Urban Planning

Why Missing Middle and Mid Rises are Insufficient

One solution to housing affordability proposed by Yimbys is mid rises and missing middle housing (mostly small apartment buildings like 2 plexs and 4 plexs). The problem with such buildings is that the price of land is such that they would be uneconomical in much of the US. For infill development a 2 plex wouldn’t generate much more profit at all than single family homes in many instances and thus unlikely to be built even if legalized. Many missing middle housing options would really only be viable if they were greenfield rather than infill.

Places that have legalized missing middle have seen only modest increases in construction

https://www.strongtowns.org/journal/2020/9/2/what-if-they-passed-zoning-reform-and-nobody-came

https://www.latimes.com/business/story/2021-07-21/sb9-housing-bill-uc-berkeley-impact-study-projects-modest-home-building

To make a meaningful impact on prices you need much more construction. According to Yimby studies you need a 10% increase in development to have a 1% reduction in rents. Development on that large of a scale in big cities requires high rises.

Yes, Building Market-Rate Housing Lowers Rents. Here’s How.

Contrary to popular belief there isn’t a gigantic construction cost per square foot difference between low rise, mid rise and high rise.

https://estimationqs.com/building-costs-per-square-foot-in-canada-altus-group-statistics/

The cost of an elevator makes mid rises less economical than high rises and low rises.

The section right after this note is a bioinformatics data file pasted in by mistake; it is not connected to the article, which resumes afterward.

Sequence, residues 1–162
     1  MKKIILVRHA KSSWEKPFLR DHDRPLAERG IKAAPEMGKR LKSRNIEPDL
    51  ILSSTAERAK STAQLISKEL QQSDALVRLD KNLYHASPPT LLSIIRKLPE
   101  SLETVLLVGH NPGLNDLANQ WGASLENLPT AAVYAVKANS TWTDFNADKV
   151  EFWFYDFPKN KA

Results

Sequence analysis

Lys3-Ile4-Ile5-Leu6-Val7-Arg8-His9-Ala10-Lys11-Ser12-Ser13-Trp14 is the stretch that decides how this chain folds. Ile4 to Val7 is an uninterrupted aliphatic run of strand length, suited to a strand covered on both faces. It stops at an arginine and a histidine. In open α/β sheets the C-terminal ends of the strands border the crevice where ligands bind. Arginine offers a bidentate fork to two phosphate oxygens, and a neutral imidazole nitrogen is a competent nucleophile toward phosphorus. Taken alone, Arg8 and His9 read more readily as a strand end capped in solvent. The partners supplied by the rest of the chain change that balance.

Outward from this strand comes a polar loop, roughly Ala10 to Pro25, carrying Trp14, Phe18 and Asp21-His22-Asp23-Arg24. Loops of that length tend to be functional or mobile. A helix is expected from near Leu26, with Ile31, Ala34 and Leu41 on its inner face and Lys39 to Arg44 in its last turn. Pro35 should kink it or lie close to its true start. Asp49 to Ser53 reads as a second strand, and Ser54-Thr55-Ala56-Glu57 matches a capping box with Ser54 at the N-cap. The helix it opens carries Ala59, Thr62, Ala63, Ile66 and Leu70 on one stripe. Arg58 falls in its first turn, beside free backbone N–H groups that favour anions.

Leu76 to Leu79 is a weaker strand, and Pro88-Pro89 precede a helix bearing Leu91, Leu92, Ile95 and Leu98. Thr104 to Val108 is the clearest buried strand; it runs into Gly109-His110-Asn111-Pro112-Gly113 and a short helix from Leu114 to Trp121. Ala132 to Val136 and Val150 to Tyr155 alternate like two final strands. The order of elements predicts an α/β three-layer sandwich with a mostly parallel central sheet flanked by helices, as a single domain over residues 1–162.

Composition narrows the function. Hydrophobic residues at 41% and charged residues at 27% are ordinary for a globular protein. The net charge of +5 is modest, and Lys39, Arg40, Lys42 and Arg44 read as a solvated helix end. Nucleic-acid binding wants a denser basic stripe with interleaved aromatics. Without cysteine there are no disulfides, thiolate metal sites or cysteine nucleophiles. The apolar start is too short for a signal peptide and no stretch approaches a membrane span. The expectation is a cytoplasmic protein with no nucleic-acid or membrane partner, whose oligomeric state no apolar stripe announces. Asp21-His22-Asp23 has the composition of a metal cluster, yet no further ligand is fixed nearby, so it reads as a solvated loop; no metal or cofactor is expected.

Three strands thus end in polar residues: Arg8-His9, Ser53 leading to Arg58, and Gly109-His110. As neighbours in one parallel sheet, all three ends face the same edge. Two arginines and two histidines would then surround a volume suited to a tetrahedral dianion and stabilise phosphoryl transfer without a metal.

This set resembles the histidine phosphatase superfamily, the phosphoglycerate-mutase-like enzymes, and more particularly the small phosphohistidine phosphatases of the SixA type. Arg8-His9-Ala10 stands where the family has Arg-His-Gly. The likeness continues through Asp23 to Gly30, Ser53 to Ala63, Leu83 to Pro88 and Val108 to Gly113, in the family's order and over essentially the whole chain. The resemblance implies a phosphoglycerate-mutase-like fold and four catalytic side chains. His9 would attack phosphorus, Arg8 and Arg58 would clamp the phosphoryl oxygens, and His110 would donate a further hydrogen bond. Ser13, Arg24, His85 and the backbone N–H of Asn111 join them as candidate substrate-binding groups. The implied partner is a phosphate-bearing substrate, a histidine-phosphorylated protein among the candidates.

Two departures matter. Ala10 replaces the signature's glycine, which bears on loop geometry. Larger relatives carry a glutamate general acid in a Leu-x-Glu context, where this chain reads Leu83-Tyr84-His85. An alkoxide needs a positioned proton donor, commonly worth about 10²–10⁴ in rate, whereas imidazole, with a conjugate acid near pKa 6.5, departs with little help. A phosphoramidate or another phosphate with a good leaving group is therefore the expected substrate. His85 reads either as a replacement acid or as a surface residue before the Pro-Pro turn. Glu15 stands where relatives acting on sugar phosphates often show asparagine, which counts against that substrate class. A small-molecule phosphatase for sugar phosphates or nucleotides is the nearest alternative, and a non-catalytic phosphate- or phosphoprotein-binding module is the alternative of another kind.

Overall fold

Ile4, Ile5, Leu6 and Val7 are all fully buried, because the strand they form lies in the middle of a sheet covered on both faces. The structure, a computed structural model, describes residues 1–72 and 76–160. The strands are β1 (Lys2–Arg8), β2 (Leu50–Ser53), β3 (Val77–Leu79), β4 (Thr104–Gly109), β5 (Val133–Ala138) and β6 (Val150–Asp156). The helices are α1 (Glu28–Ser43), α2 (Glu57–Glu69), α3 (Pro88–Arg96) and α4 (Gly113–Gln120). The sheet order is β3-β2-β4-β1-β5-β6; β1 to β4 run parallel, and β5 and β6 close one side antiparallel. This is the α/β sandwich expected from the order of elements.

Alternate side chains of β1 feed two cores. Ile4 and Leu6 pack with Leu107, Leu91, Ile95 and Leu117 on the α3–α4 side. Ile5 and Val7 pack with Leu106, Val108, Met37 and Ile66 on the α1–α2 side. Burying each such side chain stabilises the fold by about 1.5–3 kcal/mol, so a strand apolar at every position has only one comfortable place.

From: Edge City: Life on the New Frontier, by: Joel Garreau

“Residential structures either have to be less than three stories above the main entrance, in order for you to build them without elevators, or they have to be high-rise. Once you start building a residential structure of concrete and steel to accommodate an elevator, your costs kick into so much higher an orbit that you have to build vastly more dwelling units per acre in order to make any money.”

The price of land is so high in many markets, that only high rises are economical.

One study found that in order to have a break even rent of about 2,300 per month, you would need 12 floors in San Francisco. Shorter buildings would require rents of 4,000 a month or higher. Source: https://papers.ssrn.com/sol3/papers.cfm?abstract_id=3674181 Edward Glaeser argues that much taller buildings are needed to make NYC affordable

“In New York City, the price of building an additional square foot of living space on the top of a tall building is less than $400. Prices do rise substantially in ultratall buildings, say over fifty stories, but for ordinary skyscrapers, it doesn’t cost more than $500,000 to put up a nice, new 1,200-square-foot apartment. The land costs something, but in a forty-story building, a 1,200-square-foot unit is only using 30 square feet of Manhattan, less than a thousandth of an acre. At those heights, the land costs become pretty small. If there were no rules restricting new construction, then prices would eventually come down to somewhere near construction costs, about a half million dollars for a new apartment. That’s a lot more than the $200,000 that it costs to put up a nice 2,500-square-foot house in Houston but a lot less than the $1 million or more that such an apartment now costs in New York”

In my view any high priced parcel of land should be 40 floors by right

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